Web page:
Alternative LTV Missions
Section 5.4.
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Case for a Modular LTV Architecture

One thing that cislunar space needs now is an Orbital Transfer Vehicle that can be used to move around or repair dead satellites, move payloads, and fetch things for the shuttle. There is a significant revenue source to be had, but the typical roadblocks for commerical space development (high development costs, percieved risk, long term before realising a profit) have hampered previous efforts.

The Artemis Project Lunar Transfer Vehicle might make a nice fit. It has the capability, engines, DV capacity, sensors, computers, data links, and all the amenities that an OTV should have. It is even manned.

However, GEO is where all the action is, and that happens to be in the most hazardous part of the Val-Allen belts. So the crew, in all likelihood, should not go on the satellite retrieval missions.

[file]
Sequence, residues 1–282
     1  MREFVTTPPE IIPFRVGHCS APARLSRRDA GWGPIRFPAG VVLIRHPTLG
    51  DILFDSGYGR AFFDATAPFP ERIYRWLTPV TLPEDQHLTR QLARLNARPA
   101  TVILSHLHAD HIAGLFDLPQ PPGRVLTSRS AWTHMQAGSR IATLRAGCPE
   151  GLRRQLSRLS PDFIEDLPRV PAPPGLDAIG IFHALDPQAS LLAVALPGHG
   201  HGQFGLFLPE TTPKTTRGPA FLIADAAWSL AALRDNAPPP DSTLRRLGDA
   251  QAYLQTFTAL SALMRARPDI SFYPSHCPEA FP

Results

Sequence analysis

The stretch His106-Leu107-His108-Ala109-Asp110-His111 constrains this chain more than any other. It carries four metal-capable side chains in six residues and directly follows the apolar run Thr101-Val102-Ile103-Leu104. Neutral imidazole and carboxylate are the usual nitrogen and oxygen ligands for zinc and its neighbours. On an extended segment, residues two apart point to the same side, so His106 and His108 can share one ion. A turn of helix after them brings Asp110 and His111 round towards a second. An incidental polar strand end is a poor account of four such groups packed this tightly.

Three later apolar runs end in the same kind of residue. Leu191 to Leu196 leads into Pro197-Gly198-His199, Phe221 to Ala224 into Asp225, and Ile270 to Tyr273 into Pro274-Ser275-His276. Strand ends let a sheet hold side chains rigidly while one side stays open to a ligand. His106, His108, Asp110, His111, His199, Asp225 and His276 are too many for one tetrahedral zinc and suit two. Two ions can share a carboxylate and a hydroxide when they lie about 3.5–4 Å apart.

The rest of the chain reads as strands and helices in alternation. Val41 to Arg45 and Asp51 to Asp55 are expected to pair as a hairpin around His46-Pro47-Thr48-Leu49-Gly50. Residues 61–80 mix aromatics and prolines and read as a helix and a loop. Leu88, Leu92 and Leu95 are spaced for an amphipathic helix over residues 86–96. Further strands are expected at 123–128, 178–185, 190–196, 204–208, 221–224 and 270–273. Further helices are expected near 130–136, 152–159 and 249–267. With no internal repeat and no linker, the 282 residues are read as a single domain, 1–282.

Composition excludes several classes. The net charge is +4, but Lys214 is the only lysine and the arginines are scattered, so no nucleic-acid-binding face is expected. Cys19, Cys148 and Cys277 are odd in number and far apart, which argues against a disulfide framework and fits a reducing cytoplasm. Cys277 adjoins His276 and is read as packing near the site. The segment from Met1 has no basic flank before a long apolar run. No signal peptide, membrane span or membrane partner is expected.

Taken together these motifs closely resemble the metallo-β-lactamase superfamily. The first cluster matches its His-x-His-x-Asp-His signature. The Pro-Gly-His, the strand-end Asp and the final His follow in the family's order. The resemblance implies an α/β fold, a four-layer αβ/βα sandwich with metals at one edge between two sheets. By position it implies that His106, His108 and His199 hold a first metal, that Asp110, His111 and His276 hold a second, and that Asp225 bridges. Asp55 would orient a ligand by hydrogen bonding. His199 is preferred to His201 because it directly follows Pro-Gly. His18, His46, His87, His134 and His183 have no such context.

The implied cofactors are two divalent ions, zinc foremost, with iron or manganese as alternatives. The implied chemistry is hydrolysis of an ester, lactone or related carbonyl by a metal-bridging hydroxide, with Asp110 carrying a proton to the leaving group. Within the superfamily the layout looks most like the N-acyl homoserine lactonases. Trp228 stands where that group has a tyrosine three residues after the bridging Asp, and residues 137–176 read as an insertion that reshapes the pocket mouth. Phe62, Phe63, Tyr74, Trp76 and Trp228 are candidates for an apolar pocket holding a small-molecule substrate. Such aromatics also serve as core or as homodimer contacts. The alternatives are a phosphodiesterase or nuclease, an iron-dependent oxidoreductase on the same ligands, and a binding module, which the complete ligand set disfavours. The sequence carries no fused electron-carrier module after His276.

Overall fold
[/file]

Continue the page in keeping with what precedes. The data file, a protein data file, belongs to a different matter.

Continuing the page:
So now what good is our pressure vessel and supporting systems? They triple the mass of the spacecraft, and have little benefit. It forces us to loft more fuel to perform the same mission in GEO, because of the deadweight. in fact, it blows the whole scenario.

So, an ideal vehicle would simple by a LTV without a pressure vessel. But we do need one, for some OTV missions and, of course, the moonshot.

The proposal: engineer the LTV in such a way that the pressure vessel is a modular attachment to the engines/data/computer/service module section. This would add a trivial amount of mass and complexity (read cost), and expand the LTV's capabilities (read: revenues) enormously.

This would let us loft a number of modules of several types. Perhaps an expanded CM to allow the LTV base unit to take a crew to a Near Earth Asteroid? Or a robotic manipulator to allow on-orbit GEO servicing, rather then lugging the satellite out of the Van-Allen belts to be repaired or refueled.

Making the LTV modular would expand its capabilities and revenue-producing potential, getting us into space faster.

Alternative LTV Missions

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